Shaken by car bomb, Mo­sul fears re­turn of Daesh

The Daily Star (Lebanon) - - REGION -

MO­SUL, Iraq: A deadly car bomb in Iraq’s Mo­sul, the first since the city was re­cap­tured from mil­i­tants, has left res­i­dents shaken and ter­ri­fied that past night­mares are re­turn­ing to haunt them.

The blast late Thurs­day hit the pop­u­lar Abu Layla restau­rant in Mo­sul, the north­ern city that for three years served as Daesh’s (ISIS) Iraq head­quar­ters.

When res­i­dents awoke to the scene of destruc­tion Fri­day morn­ing, they feared their bloody past with Daesh was not yet be­hind them.

“We were lib­er­ated, so we thought that se­cu­rity was back,” Mossab, a 25-year-old restau­rant em­ployee, told AFP. “But now it’s worse than ever.” Three peo­ple were killed and 12 wounded in the bomb­ing, med­i­cal and se­cu­rity sources said.

The restau­rant suf­fered sig­nif­i­cant dam­age. One side, which sits on a road junc­tion, seemed to have its win­dows blown out and the fa­cade partly sheared off.

The cars in the street all had shat­tered or cracked wind­screens and were cov­ered in black ash and de­bris.

Mossab’s car, parked nearby, was one of them. “I’ve been work­ing for four years to save up to buy it, but it all went in the blink of an eye,” he said, dev­as­tated.

Iraqi se­cu­rity forces de­ployed out­side the restau­rant Fri­day, stand­ing guard as clean­ing crews worked to re­move the de­bris.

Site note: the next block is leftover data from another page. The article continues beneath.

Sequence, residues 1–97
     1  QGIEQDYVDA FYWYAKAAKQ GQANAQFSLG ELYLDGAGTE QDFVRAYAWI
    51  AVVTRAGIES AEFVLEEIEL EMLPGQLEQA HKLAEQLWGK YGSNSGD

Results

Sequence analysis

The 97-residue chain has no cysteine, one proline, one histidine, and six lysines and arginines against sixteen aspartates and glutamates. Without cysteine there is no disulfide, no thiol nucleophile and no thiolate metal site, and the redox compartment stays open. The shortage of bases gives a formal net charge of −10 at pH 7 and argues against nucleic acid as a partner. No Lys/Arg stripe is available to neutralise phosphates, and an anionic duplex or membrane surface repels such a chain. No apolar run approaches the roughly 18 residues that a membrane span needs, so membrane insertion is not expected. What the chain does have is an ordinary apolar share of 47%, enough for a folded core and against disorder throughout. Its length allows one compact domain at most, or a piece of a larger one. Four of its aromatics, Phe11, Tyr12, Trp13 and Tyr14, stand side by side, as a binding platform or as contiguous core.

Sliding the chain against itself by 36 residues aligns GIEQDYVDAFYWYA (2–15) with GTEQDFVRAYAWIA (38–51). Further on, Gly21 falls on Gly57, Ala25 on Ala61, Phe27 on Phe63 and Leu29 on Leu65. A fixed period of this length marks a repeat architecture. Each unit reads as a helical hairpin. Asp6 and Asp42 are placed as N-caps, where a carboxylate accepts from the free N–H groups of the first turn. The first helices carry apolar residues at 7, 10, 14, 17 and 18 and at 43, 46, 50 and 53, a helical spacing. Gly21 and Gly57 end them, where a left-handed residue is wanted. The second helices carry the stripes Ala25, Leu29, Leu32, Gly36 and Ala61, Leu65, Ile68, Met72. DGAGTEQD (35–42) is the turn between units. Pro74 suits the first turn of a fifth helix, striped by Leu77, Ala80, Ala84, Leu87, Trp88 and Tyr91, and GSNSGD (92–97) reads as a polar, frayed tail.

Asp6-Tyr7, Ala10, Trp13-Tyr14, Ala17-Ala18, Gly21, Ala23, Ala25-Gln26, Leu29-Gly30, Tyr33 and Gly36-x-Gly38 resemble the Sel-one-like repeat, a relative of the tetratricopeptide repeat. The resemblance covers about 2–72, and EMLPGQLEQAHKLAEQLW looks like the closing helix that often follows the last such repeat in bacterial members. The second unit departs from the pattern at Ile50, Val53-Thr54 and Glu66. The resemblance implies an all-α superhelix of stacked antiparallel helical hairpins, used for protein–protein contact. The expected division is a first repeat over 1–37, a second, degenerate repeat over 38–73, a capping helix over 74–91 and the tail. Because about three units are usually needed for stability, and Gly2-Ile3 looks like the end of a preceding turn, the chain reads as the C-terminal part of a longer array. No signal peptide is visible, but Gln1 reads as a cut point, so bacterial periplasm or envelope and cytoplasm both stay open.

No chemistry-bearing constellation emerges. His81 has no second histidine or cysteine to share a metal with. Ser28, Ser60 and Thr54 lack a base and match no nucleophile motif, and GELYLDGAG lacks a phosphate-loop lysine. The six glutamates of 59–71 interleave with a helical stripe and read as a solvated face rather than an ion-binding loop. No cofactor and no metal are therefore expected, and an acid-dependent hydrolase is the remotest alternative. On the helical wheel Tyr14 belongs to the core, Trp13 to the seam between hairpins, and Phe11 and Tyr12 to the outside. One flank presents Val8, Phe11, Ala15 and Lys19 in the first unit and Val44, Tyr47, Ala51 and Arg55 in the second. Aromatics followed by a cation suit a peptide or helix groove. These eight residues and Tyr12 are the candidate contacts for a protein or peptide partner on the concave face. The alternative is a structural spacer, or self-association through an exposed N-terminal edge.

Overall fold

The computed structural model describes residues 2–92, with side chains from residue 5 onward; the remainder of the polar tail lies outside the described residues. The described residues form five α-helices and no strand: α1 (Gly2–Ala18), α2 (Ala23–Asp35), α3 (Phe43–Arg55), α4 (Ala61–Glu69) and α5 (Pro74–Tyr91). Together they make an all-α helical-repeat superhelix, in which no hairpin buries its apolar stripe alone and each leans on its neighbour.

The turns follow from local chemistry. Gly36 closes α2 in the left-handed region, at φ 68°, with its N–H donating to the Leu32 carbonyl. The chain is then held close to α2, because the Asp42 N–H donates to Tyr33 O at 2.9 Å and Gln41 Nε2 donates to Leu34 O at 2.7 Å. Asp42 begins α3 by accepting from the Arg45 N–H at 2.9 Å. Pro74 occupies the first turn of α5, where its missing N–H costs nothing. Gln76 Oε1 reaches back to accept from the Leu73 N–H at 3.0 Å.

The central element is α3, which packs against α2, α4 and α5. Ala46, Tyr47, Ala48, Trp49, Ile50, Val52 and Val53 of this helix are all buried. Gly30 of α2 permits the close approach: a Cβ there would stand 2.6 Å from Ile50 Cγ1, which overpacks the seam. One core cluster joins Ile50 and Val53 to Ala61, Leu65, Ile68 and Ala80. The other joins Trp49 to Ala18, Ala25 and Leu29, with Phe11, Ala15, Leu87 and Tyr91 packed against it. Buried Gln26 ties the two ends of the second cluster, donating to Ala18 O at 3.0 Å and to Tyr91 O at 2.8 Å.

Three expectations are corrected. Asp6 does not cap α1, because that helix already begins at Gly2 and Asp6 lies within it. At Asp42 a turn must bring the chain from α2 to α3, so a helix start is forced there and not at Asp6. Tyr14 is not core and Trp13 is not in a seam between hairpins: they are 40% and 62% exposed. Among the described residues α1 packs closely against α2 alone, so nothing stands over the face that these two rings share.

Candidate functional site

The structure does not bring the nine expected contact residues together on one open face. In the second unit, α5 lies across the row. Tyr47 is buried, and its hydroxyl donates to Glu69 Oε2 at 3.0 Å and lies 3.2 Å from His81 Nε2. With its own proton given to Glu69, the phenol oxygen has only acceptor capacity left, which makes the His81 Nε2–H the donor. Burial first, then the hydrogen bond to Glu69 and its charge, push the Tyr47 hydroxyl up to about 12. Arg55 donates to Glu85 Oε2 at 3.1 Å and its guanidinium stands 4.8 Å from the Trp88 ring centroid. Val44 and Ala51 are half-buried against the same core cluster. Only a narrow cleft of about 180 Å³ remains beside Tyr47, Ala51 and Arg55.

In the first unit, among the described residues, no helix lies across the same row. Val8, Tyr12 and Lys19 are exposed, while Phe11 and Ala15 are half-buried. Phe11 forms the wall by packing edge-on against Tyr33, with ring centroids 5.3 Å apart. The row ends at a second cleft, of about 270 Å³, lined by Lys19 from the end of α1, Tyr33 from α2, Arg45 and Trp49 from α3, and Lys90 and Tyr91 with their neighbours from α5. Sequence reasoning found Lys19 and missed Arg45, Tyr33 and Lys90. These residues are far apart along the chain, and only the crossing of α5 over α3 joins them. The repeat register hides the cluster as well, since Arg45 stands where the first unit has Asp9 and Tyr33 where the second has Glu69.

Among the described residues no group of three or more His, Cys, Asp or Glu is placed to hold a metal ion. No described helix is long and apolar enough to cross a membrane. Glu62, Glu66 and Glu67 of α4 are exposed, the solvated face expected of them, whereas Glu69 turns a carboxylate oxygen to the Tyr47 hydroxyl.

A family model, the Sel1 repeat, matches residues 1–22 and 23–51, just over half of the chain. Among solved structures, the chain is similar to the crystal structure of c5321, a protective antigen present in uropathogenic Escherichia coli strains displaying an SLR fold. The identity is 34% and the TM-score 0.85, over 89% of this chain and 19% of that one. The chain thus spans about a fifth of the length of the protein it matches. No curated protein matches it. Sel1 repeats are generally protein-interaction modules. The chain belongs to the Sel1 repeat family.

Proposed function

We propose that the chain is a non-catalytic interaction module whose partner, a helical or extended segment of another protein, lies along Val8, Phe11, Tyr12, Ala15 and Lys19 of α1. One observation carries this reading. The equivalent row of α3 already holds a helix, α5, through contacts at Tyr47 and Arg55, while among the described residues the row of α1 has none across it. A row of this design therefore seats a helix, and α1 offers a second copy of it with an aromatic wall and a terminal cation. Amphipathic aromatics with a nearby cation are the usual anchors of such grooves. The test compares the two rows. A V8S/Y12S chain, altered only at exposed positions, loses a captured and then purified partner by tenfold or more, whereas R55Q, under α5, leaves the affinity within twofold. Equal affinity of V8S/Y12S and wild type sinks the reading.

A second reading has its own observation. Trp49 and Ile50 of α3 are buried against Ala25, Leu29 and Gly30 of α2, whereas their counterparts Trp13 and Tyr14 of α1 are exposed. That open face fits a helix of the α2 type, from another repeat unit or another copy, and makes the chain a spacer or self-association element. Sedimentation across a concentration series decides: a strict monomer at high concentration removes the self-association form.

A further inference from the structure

Res­i­dents ner­vously came to in­spect the dam­age.

Khodor Ali, a 38-year-old who lives nearby, was wor­ried there would be more vi­o­lence.

“If the se­cu­rity sit­u­a­tion stays like this, then our fu­ture is in the gut­ter,” he said.

Troops and paramil­i­taries re­cap­tured Mo­sul in July last year, months be­fore the gov­ern­ment de­clared Daesh had fi­nally been de­feated in Iraq.

But the group still car­ries out bloody hit-and-run at­tacks, mostly in the rugged moun­tains of the north and in desert areas along the west­ern bor­der with Syria.

Se­cu­rity forces fre­quently ar­rest sus­pected mil­i­tants or break up sleeper cells, and are still un­cov­er­ing mil­i­tant tun­nels along with hide­outs in Mo­sul.

There was no im­me­di­ate claim of re­spon­si­bil­ity for Thurs­day’s at­tack, but a state­ment by se­cu­rity forces blamed it on “ter­ror­ists.”

Ali said Iraqi of­fi­cials were at least partly to blame for Thurs­day night’s at­tack.

“If they weren’t able to pro­tect the city, they shouldn’t stay,” he ex­claimed an­grily.

“The only thing th­ese of­fi­cials want are se­nior posts. They told us, ‘Daesh is fin­ished’ – but then there’s a car bomb that kills in­no­cent peo­ple,” he added.

City of­fi­cials have pointed the fin­ger at the se­cu­rity forces de­ployed across Mo­sul.

“One of the main rea­sons we’re see­ing a de­te­ri­o­ra­tion of the se­cu­rity sit­u­a­tion is that there are too many de­ci­sion-mak­ers,” said mem­ber of Par­lia­ment for Mo­sul, Ah­mad al-Jarba.

Be­tween Iraq’s cen­tral mil­i­tary com­mand and the Hashed al-Shaabi para­mil­i­tary force, both of which are sta­tioned in and around Mo­sul, there were mixed sig­nals on se­cu­rity, Jarba said.

He said en­demic cor­rup­tion had also played a role.

Iraq is ranked the 12th most cor­rupt coun­try in the world, ac­cord­ing to mon­i­tor­ing group Trans­parency In­ter­na­tional.

Mo­sul’s res­i­dents have shoul­dered much of the re­build­ing them­selves, open­ing restau­rants and shops along the Ti­gris river that di­vides the city in two.

But af­ter Thurs­day’s blast, the specter of Daesh seems closer than they had thought. –

‘If the se­cu­rity sit­u­a­tion stays like this, then our fu­ture is in the gut­ter’

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